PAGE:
Cat Faces is a similar song, again composed of mostly only acoustic guitars and Brock’s vocals.  The opening lines is one of my favorite lyrics, ever (“My heart’s stopped pumping, but my blood is still alive”) and the song is filled with nice little contradictory lines that I just love (“My eyes wake up, but my brain is sleeping fine…/You blame me and I’ll blame you, and we’re both right…”).  The harmonies are again spot on in this song, with most of the track being sung in a round.   Musically, the song is just a treat to listen to- the acoustic guitar and Brock’s harmonies are lovely, and the lyrics are some of my favorites.  The song is probably the best on the album, and my personal favorite as well.

And sadly, the rest of the album is pretty ordinary.  A few of the songs are just complete wastes of space.  (No Song) is just that- no song…it’s just a thirty second long interlude of voices echoing, and I have no clue why they couldn’t have just added it to the end of a song instead of having it as its own track.  Beesting is a somewhat likeable song just because of the line, “kiss me just like a beesting”, but that’s basically the entirety of the :49 track.  Plus, Brock sort of wails the line over and over again, and it’s so discordant that I could understand if some people skip the track altogether.

Meanwhile songs like Diamonds On The Face Of Evil and Ice On The Sheets lack any real character.  The first of the two is a dull sounding track that consists of the same lyrics being sung over again (“She forgot to lay the eggs”) for a few minutes before segueing into more pointless lyrics (“Diamonds in the horses stable/The dancers didn’t have their feet/On the families in the graveyard/Diggin’ diamonds on the face of evil.”).  Ice On The Sheets is an irritating song to listen to because the vocals in the song are all electric sounding and the lyrics are nearly undecipherable.  Brock continues to scream his way through the track, however, and the combination of the grating vocals and bland melody make me skip this one every time.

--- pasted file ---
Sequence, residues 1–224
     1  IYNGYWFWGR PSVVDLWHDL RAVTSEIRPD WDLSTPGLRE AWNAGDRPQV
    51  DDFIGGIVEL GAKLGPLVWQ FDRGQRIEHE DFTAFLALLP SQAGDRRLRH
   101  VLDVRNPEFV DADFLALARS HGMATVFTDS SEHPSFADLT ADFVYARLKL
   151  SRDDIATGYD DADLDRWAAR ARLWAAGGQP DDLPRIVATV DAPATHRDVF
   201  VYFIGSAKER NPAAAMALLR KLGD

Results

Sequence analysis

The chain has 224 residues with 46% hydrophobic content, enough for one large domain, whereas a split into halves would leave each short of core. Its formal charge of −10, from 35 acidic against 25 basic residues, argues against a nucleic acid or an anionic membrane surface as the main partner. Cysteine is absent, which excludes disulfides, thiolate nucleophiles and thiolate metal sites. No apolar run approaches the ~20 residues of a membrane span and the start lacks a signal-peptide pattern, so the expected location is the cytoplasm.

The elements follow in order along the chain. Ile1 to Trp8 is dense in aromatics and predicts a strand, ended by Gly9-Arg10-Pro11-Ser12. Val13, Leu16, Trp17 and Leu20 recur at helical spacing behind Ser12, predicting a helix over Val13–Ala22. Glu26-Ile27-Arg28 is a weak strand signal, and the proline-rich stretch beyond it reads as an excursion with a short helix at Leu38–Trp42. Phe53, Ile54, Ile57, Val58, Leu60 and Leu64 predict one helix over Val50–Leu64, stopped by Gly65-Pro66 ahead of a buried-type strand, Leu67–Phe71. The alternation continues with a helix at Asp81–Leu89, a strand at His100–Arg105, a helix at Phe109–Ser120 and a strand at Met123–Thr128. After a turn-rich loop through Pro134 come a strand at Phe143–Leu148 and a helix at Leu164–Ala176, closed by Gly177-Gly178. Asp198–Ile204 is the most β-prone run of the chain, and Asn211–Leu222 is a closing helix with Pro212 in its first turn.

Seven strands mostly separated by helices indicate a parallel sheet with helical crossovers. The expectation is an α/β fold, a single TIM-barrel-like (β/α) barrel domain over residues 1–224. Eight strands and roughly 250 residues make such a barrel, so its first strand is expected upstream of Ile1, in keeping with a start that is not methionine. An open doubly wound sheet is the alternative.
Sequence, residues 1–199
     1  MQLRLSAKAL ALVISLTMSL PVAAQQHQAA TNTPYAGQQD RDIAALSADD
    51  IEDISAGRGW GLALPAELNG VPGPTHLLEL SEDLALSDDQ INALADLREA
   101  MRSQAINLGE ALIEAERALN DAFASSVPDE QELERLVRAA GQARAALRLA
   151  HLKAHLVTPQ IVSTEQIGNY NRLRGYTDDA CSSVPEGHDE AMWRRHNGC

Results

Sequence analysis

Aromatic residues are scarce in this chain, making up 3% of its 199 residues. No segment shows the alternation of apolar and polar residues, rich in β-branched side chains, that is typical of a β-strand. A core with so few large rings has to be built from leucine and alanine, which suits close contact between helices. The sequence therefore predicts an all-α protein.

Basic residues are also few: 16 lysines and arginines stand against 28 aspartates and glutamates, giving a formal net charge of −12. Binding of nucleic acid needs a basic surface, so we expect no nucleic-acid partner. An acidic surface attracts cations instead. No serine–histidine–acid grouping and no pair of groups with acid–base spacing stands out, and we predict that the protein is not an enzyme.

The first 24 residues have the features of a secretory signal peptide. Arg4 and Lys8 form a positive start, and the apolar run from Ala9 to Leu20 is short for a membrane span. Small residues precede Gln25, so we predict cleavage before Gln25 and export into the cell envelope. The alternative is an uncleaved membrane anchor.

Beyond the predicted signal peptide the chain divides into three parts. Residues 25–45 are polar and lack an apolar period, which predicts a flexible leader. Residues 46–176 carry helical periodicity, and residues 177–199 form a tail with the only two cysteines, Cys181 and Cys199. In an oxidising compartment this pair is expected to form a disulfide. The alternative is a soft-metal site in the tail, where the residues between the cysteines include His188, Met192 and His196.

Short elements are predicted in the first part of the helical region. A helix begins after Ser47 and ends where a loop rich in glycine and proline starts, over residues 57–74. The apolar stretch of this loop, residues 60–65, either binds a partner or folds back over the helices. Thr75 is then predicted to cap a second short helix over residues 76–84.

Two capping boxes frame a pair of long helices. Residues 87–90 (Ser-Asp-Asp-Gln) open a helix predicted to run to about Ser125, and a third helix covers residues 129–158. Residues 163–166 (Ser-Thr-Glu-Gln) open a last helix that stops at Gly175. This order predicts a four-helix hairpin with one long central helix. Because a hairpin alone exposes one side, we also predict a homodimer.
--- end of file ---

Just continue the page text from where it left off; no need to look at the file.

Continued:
Perhaps the last decent song on the album is Pacifico.  Once again, the lyrics are fantastic (“They said they’d give me everything/Here’s the part that made me laugh/They didn’t give me anything/And then they took half of that/So sharpen your teeth or lay flat”), and Brock’s takes on a sort of hard-edged attitude while singing, which works well.  Every time I order the beer of the same name, I sing this song.  I usually get weird looks for doing so, but that’s okay- it makes me smile.

And from there on out, the album completely fizzles.  Smoke Like Ribbons is another country western-esque type song, but is so incredibly bland that I can’t stand listening to it.  Things I Don’t Rememberis a bit peppier, but is still a boring song and while Brock sings “how the hell did we get here?” during the verses, I have to ask myself the same question about this point of the album.  The album ends withSo Long To The Holidays, an uninspired, sluggish song (it goes on for nearly 6 minutes!).  The track goes absolutely nowhere and is a completely lackluster end to the album. 

Perhaps you do have to be a Modest Mouse fan to appreciate Ugly Casanova.  I wouldn’t really know.  For the most part, Sharpen Your Teeth, is a bit of a disappointment.  Even though I do remember listening to it a lot last fall, it was really only to the few standout tracks: Barnacles, Cat Faces, Hotcha Girls, Pacifico and Parasites.  The rest of the album is certainly a let down.

Rating: 3_stars.svg

Track Listing
1. Barnacles
2. Spilled Milk Factory
3. Parasites
4. Hotcha Girls
5. No Song
6. Diamonds on the Face of Evil
7. Cat Faces
8. Ice on the Sheets
9. Beesting
10. Pacifico
11. Smoke Like Ribbons
12. Things I Don’t Remember
13. So Long to the Holdays